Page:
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in-law

[in-law] /ˈɪnˌlɔ/
noun
1.
a relative by marriage.
Origin
1890-1895
1890-95; back formation from mother-in-law, brother-in-law, etc.

inlaw

[in-law, in-law] /ɪnˈlɔ, ˈɪnˌlɔ/
verb (used with object), Law.
1.
to restore (an outlaw) to the benefits and protection of the law.
Origin
before 1000; Middle English inlawen, Old English inlagian. See in-1, law
Related forms
inlawry, noun
Dictionary.com Unabridged
Based on the Random House Dictionary, © Random House, Inc. 2014.
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Examples for inlaws
  • His family was split, with his inlaws siding against him in public dispute.
British Dictionary definitions for inlaws

in-law

noun
1.
a relative by marriage
adjective
2.
(postpositive; in combination) related by marriage a father-in-law
Word Origin
C19: back formation from father-in-law, etc
Collins English Dictionary - Complete & Unabridged 2012 Digital Edition
© William Collins Sons & Co. Ltd. 1979, 1986 © HarperCollins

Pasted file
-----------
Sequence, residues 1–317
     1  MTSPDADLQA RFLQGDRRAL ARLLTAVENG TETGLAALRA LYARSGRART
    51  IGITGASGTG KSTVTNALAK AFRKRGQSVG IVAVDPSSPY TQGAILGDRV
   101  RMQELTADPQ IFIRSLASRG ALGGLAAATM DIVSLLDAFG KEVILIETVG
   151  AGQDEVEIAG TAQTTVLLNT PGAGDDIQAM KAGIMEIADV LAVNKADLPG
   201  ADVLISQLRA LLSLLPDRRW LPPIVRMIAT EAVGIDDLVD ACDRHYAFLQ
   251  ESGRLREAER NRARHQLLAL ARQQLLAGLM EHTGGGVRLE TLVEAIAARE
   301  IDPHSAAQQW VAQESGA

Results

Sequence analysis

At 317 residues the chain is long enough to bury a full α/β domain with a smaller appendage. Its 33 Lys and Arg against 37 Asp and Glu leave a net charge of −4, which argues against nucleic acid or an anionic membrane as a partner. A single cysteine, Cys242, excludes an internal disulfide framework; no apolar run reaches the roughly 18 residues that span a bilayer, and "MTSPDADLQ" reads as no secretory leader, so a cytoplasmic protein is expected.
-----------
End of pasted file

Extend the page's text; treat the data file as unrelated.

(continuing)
Publishers 1998, 2000, 2003, 2005, 2006, 2007, 2009, 2012
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Word Origin and History for inlaws

in-law

n.

1894, "anyone of a relationship not natural," abstracted from father-in-law, etc.

The position of the 'in-laws' (a happy phrase which is attributed ... to her Majesty, than whom no one can be better acquainted with the article) is often not very apt to promote happiness. ["Blackwood's Magazine," 1894]
The earliest recorded use of the phrase is in brother-in-law (13c.); the law is Canon Law, which defines degrees of relationship within which marriage is prohibited.

Online Etymology Dictionary, © 2010 Douglas Harper
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